Microsoft, Sony In Deal To Keep Call Of Duty On PlayStation

Microsoft Corp., which is proceeding with its move to buy video game maker Activision Blizzard Inc., said it has signed a binding agreement with Sony Corp. to keep Call of Duty on PlayStation following the proposed acquisition.

The companies are yet to disclose the duration of the deal, while reports said it would last 10 years. Microsoft’s proposed acquisition of Activision Blizzard is expected to close on July 18.

Microsoft Gaming CEO Phil Spencer said on Twitter, “We are pleased to announce that Microsoft and @PlayStation have signed a binding agreement to keep Call of Duty on PlayStation following the acquisition of Activision Blizzard. We look forward to a future where players globally have more choice to play their favorite games.”

Further, Microsoft vice chair Brad Smith tweeted that even after the deal closes, the company will remain focused on ensuring that Call of Duty remains available on more platforms and for more consumers than ever before.

Activision owns Call of Duty lineup, and an acquisition of it by Xbox maker Microsoft had ignited competition fears with Sony’s PlayStation, and other game makers.

Following the announcement of a deal last year, regulators around the world had expressed significant concern that Microsoft, with its Activision Blizzard acquisition, would gain dominance in the gaming market, particularly with its Xbox gaming consoles and growing subscription content and cloud-gaming business. As per reports, Sony was also concerned about anti-competitive effects with the deal.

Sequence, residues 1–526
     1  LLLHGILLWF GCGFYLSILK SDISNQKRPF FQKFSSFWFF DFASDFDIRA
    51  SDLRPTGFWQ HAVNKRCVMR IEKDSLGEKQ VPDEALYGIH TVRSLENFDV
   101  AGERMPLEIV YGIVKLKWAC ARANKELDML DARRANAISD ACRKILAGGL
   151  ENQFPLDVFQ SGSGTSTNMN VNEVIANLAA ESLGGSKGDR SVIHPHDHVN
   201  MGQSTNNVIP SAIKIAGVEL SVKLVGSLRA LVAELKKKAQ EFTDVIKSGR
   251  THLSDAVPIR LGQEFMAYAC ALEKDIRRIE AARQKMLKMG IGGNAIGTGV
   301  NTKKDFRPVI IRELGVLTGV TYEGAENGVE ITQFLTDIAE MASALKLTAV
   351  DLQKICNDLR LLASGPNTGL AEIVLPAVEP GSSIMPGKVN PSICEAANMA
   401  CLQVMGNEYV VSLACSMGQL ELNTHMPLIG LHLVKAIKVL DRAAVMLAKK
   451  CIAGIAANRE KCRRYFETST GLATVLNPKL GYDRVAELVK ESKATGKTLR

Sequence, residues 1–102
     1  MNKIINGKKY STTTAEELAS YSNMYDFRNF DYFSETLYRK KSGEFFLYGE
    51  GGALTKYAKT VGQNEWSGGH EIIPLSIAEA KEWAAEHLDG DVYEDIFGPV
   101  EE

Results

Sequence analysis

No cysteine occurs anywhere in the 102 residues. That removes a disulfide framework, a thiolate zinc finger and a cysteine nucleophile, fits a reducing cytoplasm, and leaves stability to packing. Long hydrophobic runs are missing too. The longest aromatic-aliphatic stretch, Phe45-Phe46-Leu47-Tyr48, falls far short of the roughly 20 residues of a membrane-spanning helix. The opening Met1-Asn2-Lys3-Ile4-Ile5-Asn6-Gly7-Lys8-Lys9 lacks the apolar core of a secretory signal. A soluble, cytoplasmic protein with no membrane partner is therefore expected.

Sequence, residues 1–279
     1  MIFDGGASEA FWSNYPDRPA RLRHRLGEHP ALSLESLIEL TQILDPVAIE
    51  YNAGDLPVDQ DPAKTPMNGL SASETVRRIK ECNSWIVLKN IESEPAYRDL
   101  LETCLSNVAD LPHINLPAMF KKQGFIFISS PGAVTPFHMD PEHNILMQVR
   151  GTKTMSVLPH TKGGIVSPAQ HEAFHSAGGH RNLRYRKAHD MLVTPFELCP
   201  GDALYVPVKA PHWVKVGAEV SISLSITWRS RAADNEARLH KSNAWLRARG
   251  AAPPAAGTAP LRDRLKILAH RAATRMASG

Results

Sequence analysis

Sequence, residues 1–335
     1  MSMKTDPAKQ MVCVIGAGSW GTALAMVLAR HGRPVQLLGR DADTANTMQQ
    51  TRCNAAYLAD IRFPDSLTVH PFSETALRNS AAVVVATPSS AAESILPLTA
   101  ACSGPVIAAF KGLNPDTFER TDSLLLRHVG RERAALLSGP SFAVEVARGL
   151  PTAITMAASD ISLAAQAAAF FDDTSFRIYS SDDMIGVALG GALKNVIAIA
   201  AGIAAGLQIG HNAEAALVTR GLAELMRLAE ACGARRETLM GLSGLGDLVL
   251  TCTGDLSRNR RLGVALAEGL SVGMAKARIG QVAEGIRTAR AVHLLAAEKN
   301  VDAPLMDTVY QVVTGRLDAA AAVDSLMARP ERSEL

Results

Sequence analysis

Meanwhile, Microsoft recently had a win in the process after a California judge ruled against the Federal Trade Commission, which had requested for a preliminary injunction against the $69 billion deal.

In the latest US ruling, Judge Jacqueline Scott Corley noted that Microsoft has committed in writing, in public, and in court to keep the game “Call of Duty” on PlayStation for 10 years on parity with Xbox. It made an agreement with Nintendo to bring Call of Duty to Switch. And it entered several agreements to for the first time bring Activision’s content to several cloud gaming services.

The U.K.’s Competition and Markets Authority, which had filed to block Microsoft’s proposed acquisition in April, also agreed to pause their legal battle to talk about how to modify the deal to address the UK regulator’s cloud gaming concerns.

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